Oak Ridge Hosts Supercomputing Symposium

Hybrid supercomputers are opening new possibilities in research across the fields of science and engineering, and Oak Ridge National Laboratory (ORNL) has launched a new conference to discuss the advances made possible by extreme-scale hybrid supercomputers. The Accelerating Computational Science Symposium 2012 will take place March 28-30 in Washington, D.C. Continue reading

World’s Top Supercomputer Hits 10.51 Petaflops

Japan’s K Computer is still the world’s most powerful supercomputer, according to the latest Top500 List.

The K Computer, installed at the RIKEN Advanced Institute for Computational Science (AICS) in Kobe, Japan, achieved 10.51 petaflop/s on the Linpack benchmark using 705,024 SPARC64 processing cores. The Japanese supercomputer maintained the top position thanks to a build-out that made it four times as powerful as the number two entrant, the Chinese Tianhe-1A system.

The K Computer is the first supercomputer to achieve 10 petaflop/s or 10 quadrillion calculations per second. The previous June Top500 list marked the first time that all of the top 10 achieved petaflop/s performance. Continue reading

The Birth of a Simulation Benchmark Model

When design engineers run a simulation in their favorite engineering software, massive amounts of number crunching occurs behind the scenes to simulate a particular event. Such simulation is critical to designers who can save time and costs by doing fewer real-world tests and more digital tests of their designs. But how do we know the simulations are accurate?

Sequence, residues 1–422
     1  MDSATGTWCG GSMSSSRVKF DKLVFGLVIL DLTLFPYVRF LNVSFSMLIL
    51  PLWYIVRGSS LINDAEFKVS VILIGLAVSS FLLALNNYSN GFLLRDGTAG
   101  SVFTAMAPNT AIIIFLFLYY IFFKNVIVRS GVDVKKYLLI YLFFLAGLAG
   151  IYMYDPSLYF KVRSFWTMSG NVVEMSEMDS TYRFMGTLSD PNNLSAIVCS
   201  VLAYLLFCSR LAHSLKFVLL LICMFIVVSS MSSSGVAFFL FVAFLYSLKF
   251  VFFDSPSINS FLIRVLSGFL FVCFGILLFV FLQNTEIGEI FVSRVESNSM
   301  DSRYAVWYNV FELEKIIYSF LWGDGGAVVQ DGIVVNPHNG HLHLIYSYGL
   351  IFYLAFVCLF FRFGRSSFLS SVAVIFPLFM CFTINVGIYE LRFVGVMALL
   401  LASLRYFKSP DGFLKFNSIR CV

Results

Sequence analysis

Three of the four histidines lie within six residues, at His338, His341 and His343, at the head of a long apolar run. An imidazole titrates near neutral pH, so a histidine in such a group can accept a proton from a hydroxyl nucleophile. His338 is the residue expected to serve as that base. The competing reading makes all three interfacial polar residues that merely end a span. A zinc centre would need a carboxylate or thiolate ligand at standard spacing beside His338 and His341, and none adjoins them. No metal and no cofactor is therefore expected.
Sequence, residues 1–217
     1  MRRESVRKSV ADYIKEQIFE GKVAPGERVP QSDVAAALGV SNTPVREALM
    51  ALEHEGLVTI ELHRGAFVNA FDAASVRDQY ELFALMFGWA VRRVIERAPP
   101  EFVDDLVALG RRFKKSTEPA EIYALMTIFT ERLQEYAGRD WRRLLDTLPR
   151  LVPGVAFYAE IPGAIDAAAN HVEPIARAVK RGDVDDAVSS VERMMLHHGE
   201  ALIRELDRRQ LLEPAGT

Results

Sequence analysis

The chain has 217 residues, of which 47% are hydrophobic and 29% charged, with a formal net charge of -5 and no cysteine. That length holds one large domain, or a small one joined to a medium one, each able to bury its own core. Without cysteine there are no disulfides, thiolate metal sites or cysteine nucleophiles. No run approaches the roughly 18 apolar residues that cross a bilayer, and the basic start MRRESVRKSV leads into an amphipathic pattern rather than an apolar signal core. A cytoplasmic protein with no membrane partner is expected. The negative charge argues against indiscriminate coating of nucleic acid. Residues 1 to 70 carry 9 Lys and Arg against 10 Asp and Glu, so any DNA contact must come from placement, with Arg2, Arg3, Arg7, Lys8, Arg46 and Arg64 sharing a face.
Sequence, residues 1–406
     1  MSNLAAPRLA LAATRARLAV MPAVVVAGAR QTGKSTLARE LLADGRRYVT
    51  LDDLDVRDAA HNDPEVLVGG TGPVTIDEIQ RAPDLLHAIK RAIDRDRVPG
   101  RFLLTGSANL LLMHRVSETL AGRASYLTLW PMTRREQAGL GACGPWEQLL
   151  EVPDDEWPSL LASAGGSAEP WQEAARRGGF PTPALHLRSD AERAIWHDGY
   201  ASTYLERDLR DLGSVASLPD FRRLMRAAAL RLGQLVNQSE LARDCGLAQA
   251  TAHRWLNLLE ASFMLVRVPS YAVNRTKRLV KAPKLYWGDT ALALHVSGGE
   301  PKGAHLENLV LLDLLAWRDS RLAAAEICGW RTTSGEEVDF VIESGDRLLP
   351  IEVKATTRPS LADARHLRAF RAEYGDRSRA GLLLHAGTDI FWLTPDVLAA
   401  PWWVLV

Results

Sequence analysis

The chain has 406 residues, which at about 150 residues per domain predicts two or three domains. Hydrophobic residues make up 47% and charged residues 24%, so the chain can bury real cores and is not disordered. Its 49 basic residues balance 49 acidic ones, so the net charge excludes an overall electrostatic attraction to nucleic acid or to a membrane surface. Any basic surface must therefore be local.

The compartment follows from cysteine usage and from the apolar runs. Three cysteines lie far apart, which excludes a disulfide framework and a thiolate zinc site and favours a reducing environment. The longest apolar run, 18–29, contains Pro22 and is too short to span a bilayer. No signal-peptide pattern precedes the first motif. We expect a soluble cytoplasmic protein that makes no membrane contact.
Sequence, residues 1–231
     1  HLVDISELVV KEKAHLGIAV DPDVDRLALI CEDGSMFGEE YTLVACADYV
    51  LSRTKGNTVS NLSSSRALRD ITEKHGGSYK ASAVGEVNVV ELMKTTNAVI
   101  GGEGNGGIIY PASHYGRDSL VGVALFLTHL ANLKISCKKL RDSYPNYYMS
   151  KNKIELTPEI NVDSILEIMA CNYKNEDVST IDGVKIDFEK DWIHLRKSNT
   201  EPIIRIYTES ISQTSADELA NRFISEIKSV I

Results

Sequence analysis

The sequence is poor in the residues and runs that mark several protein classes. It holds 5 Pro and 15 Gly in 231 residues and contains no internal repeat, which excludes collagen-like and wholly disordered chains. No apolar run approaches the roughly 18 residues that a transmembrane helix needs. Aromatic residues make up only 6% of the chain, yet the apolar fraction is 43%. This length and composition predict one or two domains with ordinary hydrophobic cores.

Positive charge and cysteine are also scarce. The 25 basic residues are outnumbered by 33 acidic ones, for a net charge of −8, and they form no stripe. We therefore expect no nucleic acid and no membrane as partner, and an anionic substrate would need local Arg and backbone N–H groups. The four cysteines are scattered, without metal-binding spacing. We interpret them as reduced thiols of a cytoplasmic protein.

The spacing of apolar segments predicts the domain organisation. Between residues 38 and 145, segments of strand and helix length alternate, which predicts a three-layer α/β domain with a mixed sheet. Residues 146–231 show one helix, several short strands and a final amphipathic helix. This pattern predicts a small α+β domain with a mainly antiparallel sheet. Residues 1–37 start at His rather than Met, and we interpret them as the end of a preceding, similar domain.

Let’s take a look at one example recently featured in ORNL Review. A team of mechanical engineers at Sandia National Laboratory was given 60 million processor hours this year on Oak Ridge Leadership Computing Facility‘s Jaguar supercomputer to conduct high-fidelity simulations of combustion in advanced engines.

The models they create are validated against benchmark experiments to simulate turbulent combustion at different scales. Once validated, the models can be used by design engineers, as the article explains:

These models are then used in engineering-grade simulations, which run on desktops and clusters to optimize designs of combustion devices using diverse fuels. Because industrial researchers must conduct thousands of calculations around a single parameter to optimize a part design, calculations need to be inexpensive.

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